- Longest-serving Texas governor announced this week he would not seek re-election
- Decision opens speculation that Perry might seek the 2016 Republican presidential nomination
- Perry has had a strong political run, but presidential bid last time out was a flop
- Competition could be tougher, too, if GOP stars like Rubio, Christie jump into race
Rick Perry's announcement that he won't run for an unprecedented fourth term as Texas governor next year increases already rampant speculation that he'll launch another bid for the White House in 2016.
Considering how the Republican's 2012 campaign faltered, there's plenty of skepticism about the viability of a possible second presidential run.
The longest-serving governor in Texas history didn't reveal much about his political future as he announced on Monday that he wouldn't seek re-election.
"I will also pray and reflect and work to determine my own future path," Perry told friends and supporters at an event in San Antonio.
He added that "any future considerations I will announce in due time and I will arrive at that decision appropriately."
CNN National Political Correspondent Jim Acosta asked Perry after the event about his plans for time off.
"No time off, man," Perry replied.
He acknowledged on Fox News Sunday -- the day before his announcement -- that he is keeping his eye on the next presidential campaign calendar, saying that is "certainly, that's an option."
Perry advisers also are not shooting down suggestions that the governor is aiming for the Oval Office.
The ill-fated 2012 run is the only black mark on a successful 30-year career in politics.
He officially jumped into the race the previous August, later than the rest of the Republican field and announced his candidacy the same day of the GOP's Iowa straw poll in Ames, won by Rep. Michele Bachmann.
The best days of his campaign were the first ones, when he quickly topped polls for the Republican nomination. But the effort soon swooned due to weak debate performances and gaffes.
Perrry's most damaging episode was the "oops" moment at a Michigan debate when he couldn't remember the third federal agency he pledged to eliminate if elected president.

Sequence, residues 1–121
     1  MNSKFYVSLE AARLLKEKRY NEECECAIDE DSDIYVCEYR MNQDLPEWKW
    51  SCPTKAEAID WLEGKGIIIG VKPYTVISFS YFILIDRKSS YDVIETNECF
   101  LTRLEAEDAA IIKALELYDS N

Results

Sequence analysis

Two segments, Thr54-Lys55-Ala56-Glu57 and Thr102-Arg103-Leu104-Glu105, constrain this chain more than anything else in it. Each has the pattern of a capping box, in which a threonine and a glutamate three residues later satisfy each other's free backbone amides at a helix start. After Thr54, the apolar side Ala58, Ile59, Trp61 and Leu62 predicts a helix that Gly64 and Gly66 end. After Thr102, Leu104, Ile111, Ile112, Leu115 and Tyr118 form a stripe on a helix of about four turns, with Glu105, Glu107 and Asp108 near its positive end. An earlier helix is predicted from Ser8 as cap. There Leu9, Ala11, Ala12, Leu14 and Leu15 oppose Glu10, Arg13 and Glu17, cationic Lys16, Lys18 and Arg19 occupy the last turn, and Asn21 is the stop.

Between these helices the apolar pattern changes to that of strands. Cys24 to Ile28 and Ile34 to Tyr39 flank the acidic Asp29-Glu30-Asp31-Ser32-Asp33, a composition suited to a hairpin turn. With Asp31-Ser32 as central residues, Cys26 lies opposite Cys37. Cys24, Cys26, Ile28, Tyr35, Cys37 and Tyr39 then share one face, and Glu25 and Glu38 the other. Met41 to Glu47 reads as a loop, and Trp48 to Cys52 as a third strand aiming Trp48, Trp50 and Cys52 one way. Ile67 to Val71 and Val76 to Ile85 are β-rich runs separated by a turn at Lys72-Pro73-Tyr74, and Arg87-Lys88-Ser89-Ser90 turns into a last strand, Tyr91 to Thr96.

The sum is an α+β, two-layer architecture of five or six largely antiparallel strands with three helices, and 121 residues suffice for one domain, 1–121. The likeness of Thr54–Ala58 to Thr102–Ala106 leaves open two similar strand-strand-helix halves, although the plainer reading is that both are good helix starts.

"He was supposed to be the conservative coming in from Texas, the new Ronald Reagan. He bombed in the debates, and I'm being kind when I say he bombed in the debates," said CNN Chief National Correspondent John King.
Perry continued to fade and posted distant finishes in the Iowa caucuses and the New Hampshire primary. He suspended his bid in mid-January, prior to the South Carolina primary.
If Perry couldn't handle competitors like Mitt Romney, Rick Santorum, Newt Gingrich and other candidates in what was considered a weak Republican field last time out, would he fare any better in 2016?
The roster could be stronger if Republican stars like New Jersey Gov. Chris Christie, Sen. Marco Rubio of Florida, Sen. Rand Paul of Kentucky, former Florida Gov. Jeb Bush, and Wisconsin Gov. Scott Walker jump in.
But if he runs, Perry would presumably enter the race at a much earlier date and wouldn't be fighting high expectations, which were placed on his candidacy from the start last time.
He can also cite history.
"I would remind you of this: Ronald Reagan ran more than once; John McCain ran more than once to get the nomination, Mitt Romney ran more than once to get the nomination. There's still a conservative base of the Republican Party that likes Rick Perry," King said. "Would he need to do a hell of a lot better if he ran again? Yes. But should you rule it out completely? No."
Republican strategist and CNN contributor Kevin Madden also said experience matters.
"There's nothing that helps a candidate run and win a nomination like the experience of having run and lost a nomination. The benefit of experience for candidates that have gone through the brutality of the process is a crucial advantage. That knowledge of what went right and what didn't could serve Rick Perry well this time around," said Madden.
Madden was a top adviser and spokesman in Romney's unsuccessful bid for the 2008 GOP nomination, and the 2012 edition, in which Romney captured the nomination before losing the President Barack Obama last November.
He said Romney's campaign leadership took Perry seriously since he could raise money and would make a splash entering a fluid competition for the nomination.
"But he was destined to fade. The entire campaign had the feeling of being thrown together at the last minute. You simply cannot just waltz into a presidential campaign and win without painstakingly planning it out well in advance," Madden said.
If Perry runs again, his first big test with Republican voters would be in Iowa, where the caucuses traditionally kick off the presidential nominating calendar for voters.
Matt Strawn knows something about Iowa politics. He served as the state's Republican party chairman in the last presidential cycle.
"With a wide open GOP nomination contest and an unsettled a GOP electorate, it would be foolish to write off a candidate with Governor Perry's record of economic success," Strawn told CNN.
"Americans love a comeback story. And a successful Perry presidential campaign would certainly be that," added Strawn.